“People need to understand that they’re not necessarily gaining more health by doing more exercise,” said David Prior, a cardiologist and associate professor of medicine at Australia’s University of Melbourne. “The attributes to push through the barriers and push through the pain are common in competitive sport, but that’s also dangerous when it comes to ignoring warning signs.”
While the benefits of exercise are well known, researchers suspect that there may be a point at which exertion becomes dangerous, especially for middle-aged men.
Cardiac arrest, which occurs when the heart suddenly stops beating, can be caused by almost any heart condition, including abnormal heart rhythm and thickening heart muscle or arteries; such changes can occur silently as healthy people age. The risk of sudden cardiac arrest, which can be brought on with physical stress, increases with age, and men are two to three times as likely to suffer from it as are women, according to the National Institutes of Health.
Michael McClintock, 55, a bank executive who died June 2 at his home in Larchmont, N.Y., was a skier, biker and golfer. Last September, he completed his first Olympic-length triathlon, taking fewer than four hours to swim 0.9 miles, cycle 25 miles and run 6.2 miles.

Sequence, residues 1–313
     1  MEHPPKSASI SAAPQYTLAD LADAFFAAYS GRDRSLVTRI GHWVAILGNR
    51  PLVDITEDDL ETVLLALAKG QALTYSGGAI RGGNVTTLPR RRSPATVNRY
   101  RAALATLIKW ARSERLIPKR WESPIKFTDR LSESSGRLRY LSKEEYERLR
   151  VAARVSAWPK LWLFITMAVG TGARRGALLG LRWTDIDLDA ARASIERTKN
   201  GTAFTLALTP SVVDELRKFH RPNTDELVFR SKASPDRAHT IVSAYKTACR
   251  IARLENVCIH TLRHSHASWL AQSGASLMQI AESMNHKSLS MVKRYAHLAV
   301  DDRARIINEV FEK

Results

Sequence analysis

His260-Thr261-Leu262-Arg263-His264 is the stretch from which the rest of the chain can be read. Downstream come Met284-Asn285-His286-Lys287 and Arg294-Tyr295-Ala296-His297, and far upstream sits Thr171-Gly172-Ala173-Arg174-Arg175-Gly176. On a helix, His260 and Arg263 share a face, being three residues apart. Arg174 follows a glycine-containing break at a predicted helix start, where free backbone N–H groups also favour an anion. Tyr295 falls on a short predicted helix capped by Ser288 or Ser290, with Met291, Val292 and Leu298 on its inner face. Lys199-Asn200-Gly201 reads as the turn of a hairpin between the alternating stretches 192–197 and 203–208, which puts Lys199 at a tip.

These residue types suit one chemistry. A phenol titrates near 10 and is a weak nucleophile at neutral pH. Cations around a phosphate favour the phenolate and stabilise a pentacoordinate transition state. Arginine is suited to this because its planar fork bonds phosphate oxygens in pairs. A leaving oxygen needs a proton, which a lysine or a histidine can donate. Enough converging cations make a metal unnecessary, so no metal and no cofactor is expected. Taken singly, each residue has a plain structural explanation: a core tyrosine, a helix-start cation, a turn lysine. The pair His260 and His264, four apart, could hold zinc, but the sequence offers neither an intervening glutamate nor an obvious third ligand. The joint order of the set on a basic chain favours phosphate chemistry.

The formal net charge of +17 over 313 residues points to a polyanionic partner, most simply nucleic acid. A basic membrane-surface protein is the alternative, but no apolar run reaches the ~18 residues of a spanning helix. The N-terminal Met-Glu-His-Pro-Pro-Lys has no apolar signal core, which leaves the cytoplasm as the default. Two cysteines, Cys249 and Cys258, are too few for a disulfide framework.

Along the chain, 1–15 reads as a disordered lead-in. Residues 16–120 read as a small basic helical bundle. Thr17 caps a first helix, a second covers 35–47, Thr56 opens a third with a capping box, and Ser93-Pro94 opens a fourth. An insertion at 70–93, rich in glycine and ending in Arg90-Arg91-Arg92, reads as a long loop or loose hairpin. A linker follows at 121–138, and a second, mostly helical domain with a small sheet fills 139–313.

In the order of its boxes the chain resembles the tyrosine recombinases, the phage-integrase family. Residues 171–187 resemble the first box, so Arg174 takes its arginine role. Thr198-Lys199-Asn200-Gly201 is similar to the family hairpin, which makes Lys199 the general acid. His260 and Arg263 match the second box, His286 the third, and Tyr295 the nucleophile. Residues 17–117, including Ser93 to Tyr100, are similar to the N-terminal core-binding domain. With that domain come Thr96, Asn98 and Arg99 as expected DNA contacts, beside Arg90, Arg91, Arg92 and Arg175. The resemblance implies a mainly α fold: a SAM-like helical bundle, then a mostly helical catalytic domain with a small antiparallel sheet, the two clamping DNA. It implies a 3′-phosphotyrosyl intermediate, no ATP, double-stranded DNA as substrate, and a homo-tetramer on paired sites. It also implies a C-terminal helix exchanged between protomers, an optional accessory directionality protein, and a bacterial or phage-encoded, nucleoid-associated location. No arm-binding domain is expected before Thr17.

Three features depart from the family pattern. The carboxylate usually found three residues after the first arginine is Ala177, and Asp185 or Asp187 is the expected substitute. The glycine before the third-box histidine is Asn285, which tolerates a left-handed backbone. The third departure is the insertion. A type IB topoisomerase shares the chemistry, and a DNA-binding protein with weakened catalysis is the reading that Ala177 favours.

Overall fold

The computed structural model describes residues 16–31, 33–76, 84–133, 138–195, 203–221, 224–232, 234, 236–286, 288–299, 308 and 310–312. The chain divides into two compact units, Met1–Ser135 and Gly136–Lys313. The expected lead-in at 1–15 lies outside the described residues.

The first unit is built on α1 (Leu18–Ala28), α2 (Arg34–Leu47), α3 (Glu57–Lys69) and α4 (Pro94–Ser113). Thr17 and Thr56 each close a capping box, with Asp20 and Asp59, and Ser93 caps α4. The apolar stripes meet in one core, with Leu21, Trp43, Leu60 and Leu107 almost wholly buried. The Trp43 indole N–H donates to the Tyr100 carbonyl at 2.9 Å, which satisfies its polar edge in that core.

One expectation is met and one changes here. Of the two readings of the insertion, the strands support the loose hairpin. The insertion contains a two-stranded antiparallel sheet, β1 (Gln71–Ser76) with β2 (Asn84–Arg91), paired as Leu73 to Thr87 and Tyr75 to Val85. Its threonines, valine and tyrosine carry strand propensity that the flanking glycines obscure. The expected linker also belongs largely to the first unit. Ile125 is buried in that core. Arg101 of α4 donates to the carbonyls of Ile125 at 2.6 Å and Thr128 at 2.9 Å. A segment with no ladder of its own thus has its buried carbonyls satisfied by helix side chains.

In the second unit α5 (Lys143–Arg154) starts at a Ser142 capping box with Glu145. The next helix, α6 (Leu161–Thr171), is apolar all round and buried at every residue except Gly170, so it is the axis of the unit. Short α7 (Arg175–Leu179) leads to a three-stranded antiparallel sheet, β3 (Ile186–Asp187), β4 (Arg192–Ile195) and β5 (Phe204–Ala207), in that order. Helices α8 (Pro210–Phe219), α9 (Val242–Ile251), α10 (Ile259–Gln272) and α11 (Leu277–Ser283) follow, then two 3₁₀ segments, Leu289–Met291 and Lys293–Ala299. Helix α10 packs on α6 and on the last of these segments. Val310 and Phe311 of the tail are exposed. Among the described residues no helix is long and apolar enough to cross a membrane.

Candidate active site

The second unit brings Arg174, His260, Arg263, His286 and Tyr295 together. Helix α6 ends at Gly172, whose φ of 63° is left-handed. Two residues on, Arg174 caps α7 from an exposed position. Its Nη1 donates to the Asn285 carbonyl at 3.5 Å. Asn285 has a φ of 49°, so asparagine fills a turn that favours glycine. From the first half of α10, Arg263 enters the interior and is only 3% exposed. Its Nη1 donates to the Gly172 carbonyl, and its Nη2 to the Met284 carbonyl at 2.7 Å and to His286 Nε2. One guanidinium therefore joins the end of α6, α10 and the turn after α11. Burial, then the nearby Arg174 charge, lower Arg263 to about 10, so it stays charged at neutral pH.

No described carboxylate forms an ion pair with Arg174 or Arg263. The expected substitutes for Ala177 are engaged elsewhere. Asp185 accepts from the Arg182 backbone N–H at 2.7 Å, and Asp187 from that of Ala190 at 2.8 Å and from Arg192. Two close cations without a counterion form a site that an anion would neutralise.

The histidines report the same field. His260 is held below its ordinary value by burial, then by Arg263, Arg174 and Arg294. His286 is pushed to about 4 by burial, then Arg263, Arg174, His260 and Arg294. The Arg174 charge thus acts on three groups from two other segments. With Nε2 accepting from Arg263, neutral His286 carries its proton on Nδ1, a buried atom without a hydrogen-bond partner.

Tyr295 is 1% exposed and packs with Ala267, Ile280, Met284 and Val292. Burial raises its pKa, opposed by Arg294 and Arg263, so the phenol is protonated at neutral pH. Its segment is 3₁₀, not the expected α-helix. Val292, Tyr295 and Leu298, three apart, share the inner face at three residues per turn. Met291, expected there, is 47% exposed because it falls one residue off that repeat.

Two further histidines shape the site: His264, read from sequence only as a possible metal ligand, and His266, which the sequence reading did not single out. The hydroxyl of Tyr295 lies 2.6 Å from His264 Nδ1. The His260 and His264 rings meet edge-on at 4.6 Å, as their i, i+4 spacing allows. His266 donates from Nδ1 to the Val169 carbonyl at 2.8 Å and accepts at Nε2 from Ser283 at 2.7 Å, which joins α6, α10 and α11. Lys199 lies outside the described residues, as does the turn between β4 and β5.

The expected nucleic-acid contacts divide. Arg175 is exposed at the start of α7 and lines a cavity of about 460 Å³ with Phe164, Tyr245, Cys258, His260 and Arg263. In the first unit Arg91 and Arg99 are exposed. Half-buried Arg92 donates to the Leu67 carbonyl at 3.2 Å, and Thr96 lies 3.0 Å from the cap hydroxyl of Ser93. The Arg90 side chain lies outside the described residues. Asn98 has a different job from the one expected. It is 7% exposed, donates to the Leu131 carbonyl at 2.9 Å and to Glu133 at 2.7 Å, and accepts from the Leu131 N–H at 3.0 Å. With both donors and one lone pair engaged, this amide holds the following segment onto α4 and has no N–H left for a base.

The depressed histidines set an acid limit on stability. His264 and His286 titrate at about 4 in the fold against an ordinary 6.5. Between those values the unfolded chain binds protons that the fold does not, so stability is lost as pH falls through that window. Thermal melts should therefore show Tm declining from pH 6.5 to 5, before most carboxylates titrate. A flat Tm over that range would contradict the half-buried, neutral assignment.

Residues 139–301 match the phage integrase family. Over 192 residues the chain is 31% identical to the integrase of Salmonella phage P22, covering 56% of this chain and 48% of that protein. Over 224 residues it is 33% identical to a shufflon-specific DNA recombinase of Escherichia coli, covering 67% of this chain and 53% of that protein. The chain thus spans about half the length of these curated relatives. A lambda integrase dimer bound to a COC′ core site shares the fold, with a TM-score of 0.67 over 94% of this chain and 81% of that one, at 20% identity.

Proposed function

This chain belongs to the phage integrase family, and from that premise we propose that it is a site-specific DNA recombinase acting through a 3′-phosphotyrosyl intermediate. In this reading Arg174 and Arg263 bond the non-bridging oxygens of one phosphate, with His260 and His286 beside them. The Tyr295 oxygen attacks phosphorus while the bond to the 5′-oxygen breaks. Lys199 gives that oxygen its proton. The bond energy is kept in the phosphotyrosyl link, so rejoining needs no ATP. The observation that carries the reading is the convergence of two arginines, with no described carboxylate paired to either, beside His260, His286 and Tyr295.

While McClintock’s death can’t be directly linked to the race, USA Triathlon has noted an increase in race-related fatalities, with the highest number occurring in the 40-to-49 age group.
The death rate for triathlons is about twice that for marathons because of the increased intensity of the competition and the initial swimming leg of the events, according to a 2012 study in the journal Mayo Clinic Proceedings.
“The swim seems to be a particularly dangerous time,” said marathoner Andre La Gerche, a cardiologist at Melbourne’s St. Vincent’s Hospital. “Paradoxically, in the marathon, it’s the opposite: It’s the last mile of the event where the vast majority of fatalities occur.” Researchers speculate that sprinting to the finish produces a rush of adrenaline that may trigger an abnormal rhythm in runners with susceptible hearts.
The swim leg of the triathlon, often held in open water, can be “extraordinarily stressful,” said La Gerche, who has competed in more than 100 triathlons. “You have people climbing all over you. Sometimes you’re fighting to breathe, and that’s not something the body is used to.”
Open-water racing triggers a clash of two mechanisms of the involuntary nervous system, according to researchers at England’s University of Portsmouth. A “fight or flight” response activated by physical exertion, cold water temperature or anxiety tries to speed up the heart rate and causes hyperventilation; this occurs just as the body tries to slow the heart rate to conserve oxygen in response to facial wetting, water entering the mouth, nose and throat, and extended breath-holding, the scientists said.
“Normally, the two responses don’t happen at the same time, but when they do, the heart can go into abnormal rhythms, which can cause sudden cardiac death,” Mike Tipton, who runs the Extreme Environments Laboratory at the University of Portsmouth, wrote in a commentary for the British Journal of Sports Medicine.